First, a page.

To bring more air and light into the entry hall, mahogany screen and storm doors were custom-made. The original solid wood doors, too beautiful to discard, were painted pale blue and hung like shutters inside the new doors. Softly patterned sage wallpaper from England further brightens the entry hall. New floral drapes and deep merlot walls in the dining room are inspired by Cleo’s collection of yellowware and French jaspé pottery.

The home is decorated with many objects of personal significance. Most of the paintings are the work of Michael’s brother, Jonathan Gewirz, or were purchased at Art at the Mill, a biannual art show at the historic Burwell-Morgan Mill in nearby Millwood. In the library, antique taxidermy reflects Michael’s passion for bird hunting. (A graduate of Georgetown University, he travels near and far for the sport, including making an annual trip to England.) The library also holds his collection of natural objects, including deer antlers and an elk skull that he carried out of Grand Teton National Park on a hike there during his youth.

Cleo’s love of riding and fox hunting is evident throughout the house. Although Law purchased the late-19th century, hand-colored fox hunting scenes hung in several rooms, the fox taxidermy proudly displayed on the den mantle is her own find. (One winter while driving home from Mount Prospect, she passed by a fox that had met an unfortunate fate. Unable to bear the thought of the beautiful animal decaying by the side of the road, she backtracked to find it, placed its frozen body in the back of her station wagon, and went on her way to pick up her children from school.)

“I would never kill a fox. I’m praying for the fox every time we go out hunting,” Cleo says, noting that the fox usually gets away. “It’s the sport, the riding, the chase, the camaraderie and the beauty of watching the hounds work.”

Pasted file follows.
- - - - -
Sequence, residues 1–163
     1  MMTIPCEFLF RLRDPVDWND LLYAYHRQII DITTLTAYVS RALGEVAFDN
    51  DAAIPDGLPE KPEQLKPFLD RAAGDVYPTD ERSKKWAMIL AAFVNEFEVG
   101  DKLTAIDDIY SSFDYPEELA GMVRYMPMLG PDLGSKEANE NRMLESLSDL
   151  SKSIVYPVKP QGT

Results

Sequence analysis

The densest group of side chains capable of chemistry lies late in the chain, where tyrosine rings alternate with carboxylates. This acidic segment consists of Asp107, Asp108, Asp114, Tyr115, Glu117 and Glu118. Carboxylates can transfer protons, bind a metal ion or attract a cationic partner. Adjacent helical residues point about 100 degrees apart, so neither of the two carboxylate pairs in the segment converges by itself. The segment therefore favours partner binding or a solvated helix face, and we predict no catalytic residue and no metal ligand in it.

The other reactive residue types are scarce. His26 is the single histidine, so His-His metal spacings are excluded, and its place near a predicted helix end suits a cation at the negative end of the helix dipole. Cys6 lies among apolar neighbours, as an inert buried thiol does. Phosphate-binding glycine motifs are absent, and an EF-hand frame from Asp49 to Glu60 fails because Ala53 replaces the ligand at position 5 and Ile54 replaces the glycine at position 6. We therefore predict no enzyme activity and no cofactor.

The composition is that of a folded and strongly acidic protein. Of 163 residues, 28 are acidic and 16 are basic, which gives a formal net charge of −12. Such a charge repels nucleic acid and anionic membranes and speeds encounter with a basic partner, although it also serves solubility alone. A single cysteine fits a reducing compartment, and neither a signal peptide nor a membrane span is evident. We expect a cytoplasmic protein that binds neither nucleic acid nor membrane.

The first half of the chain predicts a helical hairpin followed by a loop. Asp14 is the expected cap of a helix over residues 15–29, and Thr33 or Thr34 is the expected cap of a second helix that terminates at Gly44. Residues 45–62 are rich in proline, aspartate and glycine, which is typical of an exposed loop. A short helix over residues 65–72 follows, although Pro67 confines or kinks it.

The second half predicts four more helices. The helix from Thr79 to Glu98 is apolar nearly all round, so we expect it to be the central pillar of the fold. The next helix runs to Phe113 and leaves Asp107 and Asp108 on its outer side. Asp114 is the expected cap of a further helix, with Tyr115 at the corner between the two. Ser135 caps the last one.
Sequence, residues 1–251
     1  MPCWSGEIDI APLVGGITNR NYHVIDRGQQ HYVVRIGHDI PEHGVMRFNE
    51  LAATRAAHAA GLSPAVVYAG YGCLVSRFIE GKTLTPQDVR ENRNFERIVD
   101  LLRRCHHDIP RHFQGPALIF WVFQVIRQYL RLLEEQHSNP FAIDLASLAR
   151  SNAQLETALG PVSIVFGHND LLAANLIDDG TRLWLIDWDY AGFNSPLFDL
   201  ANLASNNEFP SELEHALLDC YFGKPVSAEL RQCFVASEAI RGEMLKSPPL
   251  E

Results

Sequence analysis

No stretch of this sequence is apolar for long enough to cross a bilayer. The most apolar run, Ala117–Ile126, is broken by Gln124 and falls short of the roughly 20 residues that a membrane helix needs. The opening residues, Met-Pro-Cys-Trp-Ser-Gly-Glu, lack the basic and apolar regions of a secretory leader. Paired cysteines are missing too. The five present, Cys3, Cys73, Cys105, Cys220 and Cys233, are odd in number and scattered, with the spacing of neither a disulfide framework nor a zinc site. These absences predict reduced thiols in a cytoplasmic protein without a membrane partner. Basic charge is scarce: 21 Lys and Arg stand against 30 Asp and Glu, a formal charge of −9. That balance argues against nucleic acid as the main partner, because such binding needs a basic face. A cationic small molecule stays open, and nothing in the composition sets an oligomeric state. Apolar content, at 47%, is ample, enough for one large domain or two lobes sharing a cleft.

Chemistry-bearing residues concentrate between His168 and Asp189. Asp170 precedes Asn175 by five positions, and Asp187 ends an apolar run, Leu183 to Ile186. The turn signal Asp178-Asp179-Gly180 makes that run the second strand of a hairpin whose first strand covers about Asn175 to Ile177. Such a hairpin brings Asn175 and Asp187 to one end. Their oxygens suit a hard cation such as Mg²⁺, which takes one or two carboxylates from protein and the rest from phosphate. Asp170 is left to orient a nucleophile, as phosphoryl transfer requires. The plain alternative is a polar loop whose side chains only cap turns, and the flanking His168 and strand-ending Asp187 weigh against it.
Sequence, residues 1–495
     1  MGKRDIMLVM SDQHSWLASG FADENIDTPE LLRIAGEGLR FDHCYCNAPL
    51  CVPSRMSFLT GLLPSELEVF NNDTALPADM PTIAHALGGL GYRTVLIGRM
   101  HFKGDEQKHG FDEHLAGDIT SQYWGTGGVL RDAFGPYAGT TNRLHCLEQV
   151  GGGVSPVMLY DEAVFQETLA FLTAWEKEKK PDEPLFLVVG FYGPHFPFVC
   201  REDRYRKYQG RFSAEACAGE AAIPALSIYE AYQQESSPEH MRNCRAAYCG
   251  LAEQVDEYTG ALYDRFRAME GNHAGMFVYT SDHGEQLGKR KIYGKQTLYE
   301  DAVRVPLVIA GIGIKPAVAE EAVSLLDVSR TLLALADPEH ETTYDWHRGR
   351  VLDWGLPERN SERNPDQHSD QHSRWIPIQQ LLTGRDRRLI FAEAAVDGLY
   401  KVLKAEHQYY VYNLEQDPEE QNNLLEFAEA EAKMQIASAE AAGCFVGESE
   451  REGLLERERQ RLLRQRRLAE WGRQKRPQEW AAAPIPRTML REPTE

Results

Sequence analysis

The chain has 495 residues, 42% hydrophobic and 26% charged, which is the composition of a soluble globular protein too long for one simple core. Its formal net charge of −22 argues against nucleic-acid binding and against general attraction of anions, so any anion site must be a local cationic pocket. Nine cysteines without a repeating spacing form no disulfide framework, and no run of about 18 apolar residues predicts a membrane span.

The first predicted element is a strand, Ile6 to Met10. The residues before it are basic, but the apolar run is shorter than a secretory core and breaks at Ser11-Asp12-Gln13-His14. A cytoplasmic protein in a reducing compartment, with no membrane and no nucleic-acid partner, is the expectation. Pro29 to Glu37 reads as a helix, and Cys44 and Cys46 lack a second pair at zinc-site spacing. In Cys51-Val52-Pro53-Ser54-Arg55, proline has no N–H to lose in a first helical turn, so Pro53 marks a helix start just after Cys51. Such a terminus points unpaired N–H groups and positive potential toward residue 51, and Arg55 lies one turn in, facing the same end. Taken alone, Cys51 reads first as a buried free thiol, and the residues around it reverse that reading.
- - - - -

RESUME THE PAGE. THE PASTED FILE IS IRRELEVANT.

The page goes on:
Besides riding, Cleo loves gardening and tends her fenced vegetable garden next to the barn, a larger garden in the backyard and young fruit trees planted along the driveway: damson plum, apple, cherry, nectarine and pear. Cooking at Mount Prospect is another favorite pastime. Cleo equipped the kitchen with all of her favorite accoutrements from her beloved grandmother’s kitchen. “My grandmother, who I was very close to and my daughter, Lily, is named for,” explains Cleo, “was a domestic goddess, the queen of the kitchen and the most amazing homemakerand entertainer.”

Without the distraction of cable TV or the Internet, Mount Prospect is the ideal place for all of the outdoor activities the family enjoys together, including hiking, tennis (on their own courts), swimming, canoeing and fishing on the Shenandoah River. Friends often join them; the former smokehouse directly behind the house functions as a guest house for children, outfitted with bunk beds and a bathroom. With Cleo’s family nearby, Mount Prospect is where the Gewirzes celebrate Easter, Memorial Day and Christmas. When they aren’t in Newport for Thanksgiving, they attend the Blue Ridge Hunt meet at Long Branch Plantation and the ball at the Shenandoah Valley Country Club.

Today, the couple’s oldest daughter, Lily, is starting her second year at the University of Vermont, and they are considering the future. As their younger children leave the nest in a few years, they may be able to make Mount Prospect their primary home. They’ll still need a home in Washington, D.C., says Cleo, albeit a much smaller one. But, she adds, “This feels more like home to me.”